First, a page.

Two students from Aquinas College are off to the London International Youth Science Forum next month.

Year 13 Aquinas College students Zeb Barry and Patrick Imrie are to attend the youth science forum and visit the European Organisation for Nuclear Research (CERN) in Geneva, Switzerland.

The two students would leave on July 27 for the three-week trip.

You don't get the kind of exposure to science and math here in New Zealand that we will see there.

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The youth science forum is a two-week residential event held at Imperial College London, with lectures and demonstrations from leading scientists, and visits to industrial sites, research centres, scientific institutions and world-class laboratories and universities.

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It attracts 500 of the world's leading young scientists aged 17 to 21 from more than 65 countries. They would then travel to CERN with a two-night stop off in Paris.

Zeb said while in the UK he would be attending a range of lectures on topics such as black holes.

He was excited about being able to visit Oxford University's Department of Physics, he said.

"You don't get to go to stuff like this here in Tauranga," he said.

"You can go to the occasional lecture at Waikato open days but nothing to the extent of this.

"You don't get the kind of exposure to science and math here in New Zealand that we will see there."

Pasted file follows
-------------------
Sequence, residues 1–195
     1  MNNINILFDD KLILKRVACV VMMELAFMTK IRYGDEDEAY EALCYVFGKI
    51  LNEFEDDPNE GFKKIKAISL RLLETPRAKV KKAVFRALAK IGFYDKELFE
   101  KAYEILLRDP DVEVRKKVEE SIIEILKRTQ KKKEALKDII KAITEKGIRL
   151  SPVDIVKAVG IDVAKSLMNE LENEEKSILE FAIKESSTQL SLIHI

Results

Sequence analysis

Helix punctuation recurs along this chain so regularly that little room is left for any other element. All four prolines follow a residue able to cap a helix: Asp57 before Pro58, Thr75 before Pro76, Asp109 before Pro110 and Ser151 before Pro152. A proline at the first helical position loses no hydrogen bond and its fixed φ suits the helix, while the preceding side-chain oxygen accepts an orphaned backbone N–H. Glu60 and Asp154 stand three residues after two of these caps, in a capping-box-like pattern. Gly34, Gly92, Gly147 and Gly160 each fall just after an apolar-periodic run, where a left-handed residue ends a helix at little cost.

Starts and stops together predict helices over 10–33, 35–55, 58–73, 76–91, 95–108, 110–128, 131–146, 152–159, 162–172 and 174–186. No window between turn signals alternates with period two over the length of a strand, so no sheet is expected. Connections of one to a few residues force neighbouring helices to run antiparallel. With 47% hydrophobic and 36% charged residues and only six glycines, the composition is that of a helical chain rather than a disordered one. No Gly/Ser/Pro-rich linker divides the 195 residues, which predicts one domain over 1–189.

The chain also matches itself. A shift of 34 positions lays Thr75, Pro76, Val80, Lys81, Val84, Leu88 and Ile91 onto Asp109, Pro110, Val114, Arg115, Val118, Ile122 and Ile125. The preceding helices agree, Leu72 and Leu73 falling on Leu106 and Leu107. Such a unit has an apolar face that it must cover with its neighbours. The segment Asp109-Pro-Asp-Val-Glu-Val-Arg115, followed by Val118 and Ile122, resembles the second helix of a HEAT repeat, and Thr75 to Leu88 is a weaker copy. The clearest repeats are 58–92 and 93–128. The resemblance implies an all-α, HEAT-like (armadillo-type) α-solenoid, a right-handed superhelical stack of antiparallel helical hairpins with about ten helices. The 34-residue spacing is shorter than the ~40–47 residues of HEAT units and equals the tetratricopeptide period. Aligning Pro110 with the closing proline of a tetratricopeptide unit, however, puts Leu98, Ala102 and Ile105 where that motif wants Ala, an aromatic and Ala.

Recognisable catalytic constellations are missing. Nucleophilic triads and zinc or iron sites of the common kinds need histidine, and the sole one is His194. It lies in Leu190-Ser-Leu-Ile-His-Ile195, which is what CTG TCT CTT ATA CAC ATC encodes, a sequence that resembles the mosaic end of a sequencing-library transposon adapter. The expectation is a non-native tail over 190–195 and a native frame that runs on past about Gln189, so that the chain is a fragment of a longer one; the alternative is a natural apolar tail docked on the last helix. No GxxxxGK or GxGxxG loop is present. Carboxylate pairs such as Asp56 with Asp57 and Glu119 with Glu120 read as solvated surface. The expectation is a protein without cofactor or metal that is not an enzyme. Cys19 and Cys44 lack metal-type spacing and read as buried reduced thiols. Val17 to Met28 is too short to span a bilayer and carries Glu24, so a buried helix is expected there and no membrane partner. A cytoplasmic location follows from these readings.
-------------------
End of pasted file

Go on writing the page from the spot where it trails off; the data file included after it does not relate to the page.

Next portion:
He was studying chemistry and physics and would like to take either health science or engineering next year at university.

Seventy per cent of Zeb's trip would be funded by the Royal Society of New Zealand.

Patrick said he was excited about seeing Oxford's physics department.

The 17-year-old was going to use the trip to find out what he wanted to study at university, although his favourite subject was physics.

"I like the logic behind it," he said.

"It's black and white, not like English or other subjects." He was also looking forward to other things offered on the trip, like visiting the London Eye, having dinner under the Eiffel Tower and going to the Jersey Boys show.

Year 13 Dean Joanne Macown said the trip would be huge eye-opener for the students.

"It's a great opportunity to meet like-minded young people too and open their eyes to what is available in the world for them.

"The opportunity to experience one of the leading universities in the world, world class lecturers and where science can take you."

LIYSF snapshot:

* Founded in 1959, the London International Youth Science Forum aims to give a deeper insight into science and its applications for the benefit of all mankind and to develop a greater understanding between young people of all nations.

* It is a two-week residential event in London which attracts more than 500 of the world's leading young scientists aged 17 to 21 from more than 65 participating countries.